2/7/18

I think this depends entirely on what you want to do with a developer.

Do you want to move more towards the finance/deal side? Project management? Construction Management?

 
 
2/19/18

Hi

will the master be worth it in order to move to the finance/deal side?

 
3/30/18

I think it depends on the employment outcome. I've seen postings at development firms for Associate/ Ast. VP positions with salaries ranging from $100-180K (based on glassdoor). These positions ask for 5-6 years experience and an advanced degree preferably in real estate (i.e. me if I graduated with a masters in the next two or three years). Cost of Columbia's MSRED for example is appx $85k all in ($60K if I move back in with the 'rents on Long Island for a year)

 
3/30/18

Either finance/deal side or Project management, don't think I would want to be limited to just the CM process.

 
3/31/18

I guess what it comes down to is understanding what your goals are. Naturally, a Master's degree may open doors for you, but other wise men have spoken that great skills in networking can get you where you want as well.

Also, an MSc should be a fairly skills-based program. You want to make sure that the program offers you the ability to develop the advanced skill set that you're looking for (or what your next employment opportunities may require). I myself decided to forgo an MSc and go for an MBA in Real Estate instead.

 
3/31/18

Hey Debtlift! Mind to share why you picked MBA instead? Also, which school did you go to?

 
3/31/18

@Cindy-Halim below is a link that will be a valuable source in the near future. Unfortunately, the writers of the blog are backed up due to a busy summer, however they still expect to get a review of all the schools done in the foreseeable future. Best of luck!

https://www.adventuresincre.com/depth-graduate-rea...

 
3/31/18

Thanks for the link. It's actually one of my source links, a great source indeed :)

 
3/31/18

Agreed that it's your goals that will matter. A lot of foreigners come to the U.S. for the real estate master's degree as a way of getting into the U.S. and spending a few years (a lot of them are wealthy). They generally have no interest in getting hired and sponsored by a U.S. firm, and in all honesty, they should have no expectation that a U.S. real estate company would sponsor and hire them (there is plenty of U.S.-based talent with perfect, native English skills).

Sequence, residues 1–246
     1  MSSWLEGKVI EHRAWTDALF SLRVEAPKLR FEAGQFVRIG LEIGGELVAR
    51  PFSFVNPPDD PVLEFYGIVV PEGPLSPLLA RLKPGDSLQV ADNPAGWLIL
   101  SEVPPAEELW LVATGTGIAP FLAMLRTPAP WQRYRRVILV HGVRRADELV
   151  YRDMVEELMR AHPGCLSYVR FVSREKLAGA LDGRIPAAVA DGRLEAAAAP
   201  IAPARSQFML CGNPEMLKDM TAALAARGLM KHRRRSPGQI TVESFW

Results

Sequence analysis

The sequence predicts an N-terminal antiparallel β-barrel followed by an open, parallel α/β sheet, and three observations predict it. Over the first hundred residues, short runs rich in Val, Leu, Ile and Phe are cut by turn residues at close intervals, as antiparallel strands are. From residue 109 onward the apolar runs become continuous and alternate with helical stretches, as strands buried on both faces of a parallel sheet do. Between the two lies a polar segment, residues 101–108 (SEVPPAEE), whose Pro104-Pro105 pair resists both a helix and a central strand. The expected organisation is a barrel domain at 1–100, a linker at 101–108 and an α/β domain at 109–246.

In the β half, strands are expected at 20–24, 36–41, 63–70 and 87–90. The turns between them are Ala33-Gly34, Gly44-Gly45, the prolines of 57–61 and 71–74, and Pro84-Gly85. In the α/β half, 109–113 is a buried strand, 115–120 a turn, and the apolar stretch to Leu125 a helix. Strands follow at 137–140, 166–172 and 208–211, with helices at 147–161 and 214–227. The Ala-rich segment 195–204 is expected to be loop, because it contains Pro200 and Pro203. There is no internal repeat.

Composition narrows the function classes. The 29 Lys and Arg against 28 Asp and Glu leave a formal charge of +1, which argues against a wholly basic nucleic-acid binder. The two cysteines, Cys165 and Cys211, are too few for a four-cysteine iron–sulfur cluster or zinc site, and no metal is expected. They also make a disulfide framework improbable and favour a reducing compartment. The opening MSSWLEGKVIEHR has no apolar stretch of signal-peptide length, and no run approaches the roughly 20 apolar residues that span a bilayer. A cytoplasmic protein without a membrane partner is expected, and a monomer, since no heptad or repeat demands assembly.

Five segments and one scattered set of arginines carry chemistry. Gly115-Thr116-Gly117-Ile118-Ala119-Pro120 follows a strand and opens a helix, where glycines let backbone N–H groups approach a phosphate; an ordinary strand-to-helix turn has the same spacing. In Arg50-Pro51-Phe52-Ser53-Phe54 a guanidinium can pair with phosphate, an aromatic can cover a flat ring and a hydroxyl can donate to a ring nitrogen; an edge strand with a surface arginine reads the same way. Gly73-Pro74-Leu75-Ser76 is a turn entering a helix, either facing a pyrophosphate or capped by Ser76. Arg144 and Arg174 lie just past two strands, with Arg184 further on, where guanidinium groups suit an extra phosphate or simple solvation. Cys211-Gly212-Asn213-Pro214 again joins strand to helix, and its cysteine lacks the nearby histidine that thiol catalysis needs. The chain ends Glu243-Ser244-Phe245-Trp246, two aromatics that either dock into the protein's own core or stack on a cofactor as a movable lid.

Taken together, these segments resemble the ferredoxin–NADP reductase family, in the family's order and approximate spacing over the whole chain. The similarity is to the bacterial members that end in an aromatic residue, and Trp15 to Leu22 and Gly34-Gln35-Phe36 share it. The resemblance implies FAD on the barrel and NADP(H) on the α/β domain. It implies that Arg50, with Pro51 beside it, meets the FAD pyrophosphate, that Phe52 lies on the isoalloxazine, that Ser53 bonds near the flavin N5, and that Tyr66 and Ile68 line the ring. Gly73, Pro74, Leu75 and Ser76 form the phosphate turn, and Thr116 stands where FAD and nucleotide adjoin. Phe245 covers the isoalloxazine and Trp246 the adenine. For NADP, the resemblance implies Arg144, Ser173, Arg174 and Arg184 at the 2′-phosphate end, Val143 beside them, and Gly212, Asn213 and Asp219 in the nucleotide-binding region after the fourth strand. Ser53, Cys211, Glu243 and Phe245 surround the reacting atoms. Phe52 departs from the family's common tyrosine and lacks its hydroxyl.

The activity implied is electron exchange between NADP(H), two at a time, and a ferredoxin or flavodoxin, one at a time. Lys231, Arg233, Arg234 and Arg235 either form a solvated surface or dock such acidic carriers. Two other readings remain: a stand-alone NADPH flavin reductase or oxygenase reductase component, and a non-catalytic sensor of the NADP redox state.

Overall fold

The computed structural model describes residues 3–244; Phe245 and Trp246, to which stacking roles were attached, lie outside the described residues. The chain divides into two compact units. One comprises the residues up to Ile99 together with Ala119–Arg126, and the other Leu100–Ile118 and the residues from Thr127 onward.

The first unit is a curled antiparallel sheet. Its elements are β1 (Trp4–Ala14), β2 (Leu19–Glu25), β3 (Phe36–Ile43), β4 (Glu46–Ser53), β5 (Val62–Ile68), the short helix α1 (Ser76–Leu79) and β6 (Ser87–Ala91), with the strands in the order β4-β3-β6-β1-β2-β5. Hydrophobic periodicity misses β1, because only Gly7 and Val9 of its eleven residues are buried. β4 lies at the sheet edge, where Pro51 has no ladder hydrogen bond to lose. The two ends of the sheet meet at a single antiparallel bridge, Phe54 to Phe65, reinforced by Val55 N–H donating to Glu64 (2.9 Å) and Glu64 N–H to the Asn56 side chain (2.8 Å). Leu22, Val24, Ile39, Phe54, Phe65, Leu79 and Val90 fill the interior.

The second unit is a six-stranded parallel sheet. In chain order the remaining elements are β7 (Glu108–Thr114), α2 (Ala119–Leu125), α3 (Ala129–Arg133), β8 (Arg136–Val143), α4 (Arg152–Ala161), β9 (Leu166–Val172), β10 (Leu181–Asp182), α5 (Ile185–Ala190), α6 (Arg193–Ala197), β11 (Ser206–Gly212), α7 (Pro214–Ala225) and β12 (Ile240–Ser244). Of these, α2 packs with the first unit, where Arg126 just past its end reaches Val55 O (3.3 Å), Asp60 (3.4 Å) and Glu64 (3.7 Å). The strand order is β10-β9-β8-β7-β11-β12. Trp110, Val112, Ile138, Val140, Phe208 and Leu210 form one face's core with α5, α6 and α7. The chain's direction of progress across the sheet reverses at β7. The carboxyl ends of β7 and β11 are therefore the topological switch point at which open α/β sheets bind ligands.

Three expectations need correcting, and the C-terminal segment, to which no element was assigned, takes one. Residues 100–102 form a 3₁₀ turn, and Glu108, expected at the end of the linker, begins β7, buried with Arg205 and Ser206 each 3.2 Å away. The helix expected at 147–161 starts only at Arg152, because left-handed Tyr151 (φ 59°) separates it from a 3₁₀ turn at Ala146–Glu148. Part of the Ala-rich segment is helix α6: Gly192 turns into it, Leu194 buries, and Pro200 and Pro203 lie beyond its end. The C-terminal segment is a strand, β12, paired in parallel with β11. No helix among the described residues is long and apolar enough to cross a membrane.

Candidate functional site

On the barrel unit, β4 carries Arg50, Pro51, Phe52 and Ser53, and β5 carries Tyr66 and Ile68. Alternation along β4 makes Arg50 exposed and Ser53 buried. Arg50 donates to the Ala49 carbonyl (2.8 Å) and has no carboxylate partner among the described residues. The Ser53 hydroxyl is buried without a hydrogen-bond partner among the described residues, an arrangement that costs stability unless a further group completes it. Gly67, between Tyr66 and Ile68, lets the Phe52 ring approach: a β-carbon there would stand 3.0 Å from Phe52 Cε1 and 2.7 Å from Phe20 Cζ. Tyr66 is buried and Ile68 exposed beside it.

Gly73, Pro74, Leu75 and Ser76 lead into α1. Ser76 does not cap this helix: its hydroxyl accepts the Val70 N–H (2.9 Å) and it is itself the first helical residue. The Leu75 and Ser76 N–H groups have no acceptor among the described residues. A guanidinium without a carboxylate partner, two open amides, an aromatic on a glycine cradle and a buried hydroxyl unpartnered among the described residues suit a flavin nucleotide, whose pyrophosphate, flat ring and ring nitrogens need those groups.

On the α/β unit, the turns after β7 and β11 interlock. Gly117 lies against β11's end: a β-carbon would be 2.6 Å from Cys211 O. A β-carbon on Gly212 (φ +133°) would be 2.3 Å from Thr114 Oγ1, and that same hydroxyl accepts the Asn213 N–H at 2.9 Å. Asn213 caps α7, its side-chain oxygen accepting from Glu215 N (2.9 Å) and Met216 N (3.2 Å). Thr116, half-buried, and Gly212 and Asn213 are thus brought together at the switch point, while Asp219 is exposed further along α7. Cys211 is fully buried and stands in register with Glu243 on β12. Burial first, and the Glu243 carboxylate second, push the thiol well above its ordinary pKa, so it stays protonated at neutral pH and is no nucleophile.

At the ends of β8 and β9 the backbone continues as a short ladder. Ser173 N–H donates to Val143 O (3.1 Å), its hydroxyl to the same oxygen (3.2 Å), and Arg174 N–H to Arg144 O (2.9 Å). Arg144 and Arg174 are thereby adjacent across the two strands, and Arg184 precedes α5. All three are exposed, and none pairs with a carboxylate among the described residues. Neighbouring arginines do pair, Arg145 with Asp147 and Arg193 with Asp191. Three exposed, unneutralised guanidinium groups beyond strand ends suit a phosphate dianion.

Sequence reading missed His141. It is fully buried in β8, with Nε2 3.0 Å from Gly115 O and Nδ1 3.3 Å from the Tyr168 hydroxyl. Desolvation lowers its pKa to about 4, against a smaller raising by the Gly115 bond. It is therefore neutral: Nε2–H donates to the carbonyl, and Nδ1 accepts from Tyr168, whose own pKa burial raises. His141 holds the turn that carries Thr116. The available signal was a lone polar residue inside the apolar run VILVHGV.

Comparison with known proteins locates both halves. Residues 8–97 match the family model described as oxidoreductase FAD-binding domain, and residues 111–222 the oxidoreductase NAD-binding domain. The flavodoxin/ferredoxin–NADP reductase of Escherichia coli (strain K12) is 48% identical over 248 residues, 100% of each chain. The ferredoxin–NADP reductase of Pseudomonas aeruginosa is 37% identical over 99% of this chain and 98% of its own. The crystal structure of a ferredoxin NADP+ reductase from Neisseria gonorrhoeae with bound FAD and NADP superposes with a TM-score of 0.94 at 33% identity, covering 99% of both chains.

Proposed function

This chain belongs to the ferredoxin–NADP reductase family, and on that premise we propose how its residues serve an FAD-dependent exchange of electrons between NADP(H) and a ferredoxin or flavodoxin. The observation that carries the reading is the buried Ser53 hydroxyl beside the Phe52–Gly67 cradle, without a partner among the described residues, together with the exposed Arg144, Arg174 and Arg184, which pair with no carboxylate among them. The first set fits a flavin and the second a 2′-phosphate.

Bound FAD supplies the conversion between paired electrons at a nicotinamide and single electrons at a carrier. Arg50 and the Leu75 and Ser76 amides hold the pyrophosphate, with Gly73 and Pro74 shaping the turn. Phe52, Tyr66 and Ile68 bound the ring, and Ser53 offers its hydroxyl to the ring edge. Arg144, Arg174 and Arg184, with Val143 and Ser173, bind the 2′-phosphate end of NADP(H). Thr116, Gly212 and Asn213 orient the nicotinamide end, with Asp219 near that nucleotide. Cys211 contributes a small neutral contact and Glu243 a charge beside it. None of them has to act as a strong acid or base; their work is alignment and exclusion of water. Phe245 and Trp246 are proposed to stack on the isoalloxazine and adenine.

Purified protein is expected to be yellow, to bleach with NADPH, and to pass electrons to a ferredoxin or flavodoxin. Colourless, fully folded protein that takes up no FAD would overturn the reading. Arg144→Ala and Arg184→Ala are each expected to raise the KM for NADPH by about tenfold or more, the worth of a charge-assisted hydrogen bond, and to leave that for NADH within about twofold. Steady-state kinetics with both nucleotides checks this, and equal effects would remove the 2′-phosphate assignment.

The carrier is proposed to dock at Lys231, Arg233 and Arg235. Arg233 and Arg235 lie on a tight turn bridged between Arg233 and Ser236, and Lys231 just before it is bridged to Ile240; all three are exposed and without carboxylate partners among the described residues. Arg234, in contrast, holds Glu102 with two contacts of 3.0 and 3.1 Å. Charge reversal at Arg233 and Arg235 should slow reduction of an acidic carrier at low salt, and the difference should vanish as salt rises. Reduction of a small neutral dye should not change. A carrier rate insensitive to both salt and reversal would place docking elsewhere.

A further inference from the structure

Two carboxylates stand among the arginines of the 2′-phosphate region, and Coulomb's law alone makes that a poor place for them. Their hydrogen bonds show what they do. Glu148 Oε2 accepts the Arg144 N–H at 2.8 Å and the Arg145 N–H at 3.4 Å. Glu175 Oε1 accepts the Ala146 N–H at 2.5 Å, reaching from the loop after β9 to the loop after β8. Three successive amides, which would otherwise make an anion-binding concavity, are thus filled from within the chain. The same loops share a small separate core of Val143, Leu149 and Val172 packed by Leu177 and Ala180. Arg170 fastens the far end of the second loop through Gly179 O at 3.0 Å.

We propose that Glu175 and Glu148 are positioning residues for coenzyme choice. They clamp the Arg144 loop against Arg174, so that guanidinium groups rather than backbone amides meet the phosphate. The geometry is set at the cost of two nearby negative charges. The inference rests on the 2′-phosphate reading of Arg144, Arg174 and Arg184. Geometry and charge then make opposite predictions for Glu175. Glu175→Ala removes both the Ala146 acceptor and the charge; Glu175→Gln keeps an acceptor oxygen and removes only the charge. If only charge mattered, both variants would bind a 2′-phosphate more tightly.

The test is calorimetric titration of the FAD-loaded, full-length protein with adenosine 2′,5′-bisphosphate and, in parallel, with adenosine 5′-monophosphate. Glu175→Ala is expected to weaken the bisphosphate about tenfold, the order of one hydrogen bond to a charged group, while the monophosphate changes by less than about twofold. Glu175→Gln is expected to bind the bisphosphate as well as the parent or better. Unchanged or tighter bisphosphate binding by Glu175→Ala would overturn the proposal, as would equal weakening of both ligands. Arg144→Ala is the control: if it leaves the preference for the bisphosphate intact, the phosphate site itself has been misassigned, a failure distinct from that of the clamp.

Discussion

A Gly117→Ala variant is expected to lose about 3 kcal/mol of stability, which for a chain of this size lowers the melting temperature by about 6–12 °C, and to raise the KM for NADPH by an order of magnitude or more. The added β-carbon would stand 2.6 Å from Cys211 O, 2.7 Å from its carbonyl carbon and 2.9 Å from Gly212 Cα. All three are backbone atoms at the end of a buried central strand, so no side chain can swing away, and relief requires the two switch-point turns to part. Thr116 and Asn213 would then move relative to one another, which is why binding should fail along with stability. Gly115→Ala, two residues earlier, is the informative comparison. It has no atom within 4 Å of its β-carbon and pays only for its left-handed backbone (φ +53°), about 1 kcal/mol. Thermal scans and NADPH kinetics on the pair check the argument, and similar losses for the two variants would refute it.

3/31/18

You've been working in this field for two years. I'm pretty sure you have a good idea if the MSc in Property is really necessary for keep doing your job successfully.

If, however, you're interested in becoming a manager or senior staff of some sort, MSc in Property or MBA is definitely preferable.

I personally think two to three years of working experience after bachelor's degree is long enough time to understand the basics and perfect time for start thinking about studying further.

 
3/31/18

A Master of Real Estate will definitely help you transition from Property Management to a more rewarding position in Real Estate. That said, you need to boost your language skills and I'd take some time studying English more. You don't have to be perfect, but the gap between the international students in my program with proper or at least near-fluent English skills and those who don't have that is immense.

As far as the programs you picked, they're all very different. Cornell is structured a lot like a two year MBA program would be (and for international students, two year programs are certainly best.) Georgetown is two years as well but primarily night school. You'd probably want to have a day job or internship during. I don't have as much insight into NYU. Another big one to think about though is the three schools you listed are in three dramatically different locations.